We recently held our sixteenth annual Speech Meet. While the event is a highlight for many, a few students, especially those who dread the spotlight, may wonder why this is imposed upon them each fall. A short answer is that we’re a classical school, and classical schools do things like make students get up in front of people and speak. We think it’s good for them. The Speech Meet, like Bible memory, science presentations, history reports, book club discussions, Latin at Lunchtime, and Reader’s Theater, helps build skills in rhetoric—the art of effective, persuasive, even beautiful, speaking or writing. Skills in rhetoric are something classical schools value. We value growth that comes from hard work. We value the moral imagination.
It takes hard work and perseverance to select a piece, memorize it, and polish it to the point of public presentation. For those of us who have been around for a while, it is a joy to see students grow over the years, some of them from leaning against the classroom whiteboard, fidgeting, mumbling, and forgetting their lines to confidently addressing the entire school and guests with poise and delight.
In early fall, many students (and sometimes their parents) embark on a mini literary adventure, pouring over poems and Scripture and speeches. In the process of making and interpreting their own selection and in listening to fellow student selections, they gain an appreciation for the vast range of expression in the literary landscape. We invite you on this journey and ask you to imagine briefly our students reading, reciting, listening to, and thinking about this year’s speeches.
In our various classrooms, kittens lost their mittens, a mouse went up a clock, and stars twinkled. There were lessons from Aesop — “A position earned without merit is as easily lost as gained” and “Greedy, greedy makes a hungry puppy”— and warnings to Jemima Puddle-Duck and Little Red Riding Hood not to trust a suave fox or wolf. A fly became acquainted with the dangers of a spider’s flattery. There were lessons in how to ad-dress cats, how to distinguish Bengal tigers, leopards, bears, and crocodiles, and in the necessity of courage when one goes owling in the middle of the night.
“Smart” phones were shown not to be. Roald Dahl decried the ill effects of TV on one’s imagination, “His powers of thinking rust and freeze! He cannot think—he only sees!” To keep children contented, Dahl suggests that alternative from so, so long ago: books!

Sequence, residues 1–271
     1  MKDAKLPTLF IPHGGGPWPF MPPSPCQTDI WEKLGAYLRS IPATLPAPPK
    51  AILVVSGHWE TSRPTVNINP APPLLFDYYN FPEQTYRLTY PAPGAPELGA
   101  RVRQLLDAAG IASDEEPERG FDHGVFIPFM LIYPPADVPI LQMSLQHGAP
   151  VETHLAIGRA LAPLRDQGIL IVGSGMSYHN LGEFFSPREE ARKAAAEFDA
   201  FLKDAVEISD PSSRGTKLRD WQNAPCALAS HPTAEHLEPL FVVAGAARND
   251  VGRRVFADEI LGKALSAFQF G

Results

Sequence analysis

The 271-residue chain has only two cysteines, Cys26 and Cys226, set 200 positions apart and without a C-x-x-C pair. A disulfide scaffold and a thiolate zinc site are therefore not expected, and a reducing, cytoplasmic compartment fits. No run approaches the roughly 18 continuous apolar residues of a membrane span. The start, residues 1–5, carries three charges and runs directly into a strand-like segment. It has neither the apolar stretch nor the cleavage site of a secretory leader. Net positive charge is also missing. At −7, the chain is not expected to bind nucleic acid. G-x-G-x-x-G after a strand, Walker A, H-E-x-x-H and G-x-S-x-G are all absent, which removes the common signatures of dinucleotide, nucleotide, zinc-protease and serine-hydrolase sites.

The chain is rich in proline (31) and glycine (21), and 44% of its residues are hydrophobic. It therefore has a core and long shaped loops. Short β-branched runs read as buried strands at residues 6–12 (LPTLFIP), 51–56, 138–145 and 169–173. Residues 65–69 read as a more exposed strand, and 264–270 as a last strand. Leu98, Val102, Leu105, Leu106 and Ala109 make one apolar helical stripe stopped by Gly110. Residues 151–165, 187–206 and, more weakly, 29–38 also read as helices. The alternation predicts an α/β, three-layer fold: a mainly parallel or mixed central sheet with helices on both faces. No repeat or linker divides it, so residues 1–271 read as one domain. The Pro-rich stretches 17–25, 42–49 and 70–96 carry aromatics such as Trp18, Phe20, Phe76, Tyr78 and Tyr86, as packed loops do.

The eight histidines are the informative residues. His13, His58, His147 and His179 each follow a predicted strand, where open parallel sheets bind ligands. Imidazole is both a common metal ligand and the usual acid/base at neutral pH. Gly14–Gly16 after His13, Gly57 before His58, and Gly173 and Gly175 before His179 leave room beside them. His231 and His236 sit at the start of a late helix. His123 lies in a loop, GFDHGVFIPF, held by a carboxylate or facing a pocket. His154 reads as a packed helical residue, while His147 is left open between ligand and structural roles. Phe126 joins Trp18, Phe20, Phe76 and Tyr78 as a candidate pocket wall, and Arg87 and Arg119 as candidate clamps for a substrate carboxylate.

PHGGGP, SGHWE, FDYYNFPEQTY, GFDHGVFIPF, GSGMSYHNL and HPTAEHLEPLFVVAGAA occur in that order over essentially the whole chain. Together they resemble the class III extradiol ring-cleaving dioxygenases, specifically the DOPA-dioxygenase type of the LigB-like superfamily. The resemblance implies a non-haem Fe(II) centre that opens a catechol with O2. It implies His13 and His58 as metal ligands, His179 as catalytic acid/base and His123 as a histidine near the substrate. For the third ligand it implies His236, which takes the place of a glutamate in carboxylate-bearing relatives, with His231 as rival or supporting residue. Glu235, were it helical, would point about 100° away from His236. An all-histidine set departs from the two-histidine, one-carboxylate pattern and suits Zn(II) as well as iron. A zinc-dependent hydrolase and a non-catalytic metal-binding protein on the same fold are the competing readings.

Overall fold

Students presented works from Silverstein to Shakespeare. There were strategies for getting one’s parents to buy a pony and one’s principal to grant time off from school. There was talk of mowing the bathtub and bathing upon the grass. We heard mischievous Puck’s apology from A Midsummer Night’s Dream, Henry V’s emboldening St. Crispin’s Day Speech, and Hamlet’s great question: “To be, or not to be?”
There were inspiring tales and rousing speeches from history and literature. We heard of Paul Revere’s midnight ride across the bridge at Medford town— “A cry of defiance and not of fear. A voice in the darkness, a knock at the door, and a word that shall echo forevermore!”— and Gandalf’s battle with the Balrog at the bridge of Khazad-Dum— “You cannot pass. Go back to the Shadow! You cannot pass!”
There were speeches by queens and presidents and statesmen. Queen Elizabeth I defied Spanish tyrants and Lincoln resolved “these dead shall not have died in vain”. Churchill called for fighting on the beaches, the landing grounds, and the fields; and, Reagan asked us to consider whether “In this present crisis, government is not the solution to our problem.”
There were speeches with practical advice for life. Complaining is tiring. What should you do with a problem? Look for the opportunity in it. Negativity is a prison; it is your job to reprogram your mind. “The things that haven’t been done before, those are the things to try.” How should life be lived? With courage and by trying to understand and value those “no one cares to know.”
We were also nourished by Scripture, with recitations of Proverbs and Psalms showing us the way of wisdom and righteousness, recounting God’s lovingkindness and the fullness of His house, and making a joyful noise unto the Lord! A sixth grader’s recitation included an adaptation of the Great Commission Jesus gave his disciples: “Let’s be very clear about what I’d like you to do…Go! Go into the whole world! You’ve experienced and seen good news these past three years, so pass that on to everyone.” It is our hope that the annual speech meet is one way we help equip our students to do just that. As they learn to delight in beautiful words, may they grow ever closer to the Word.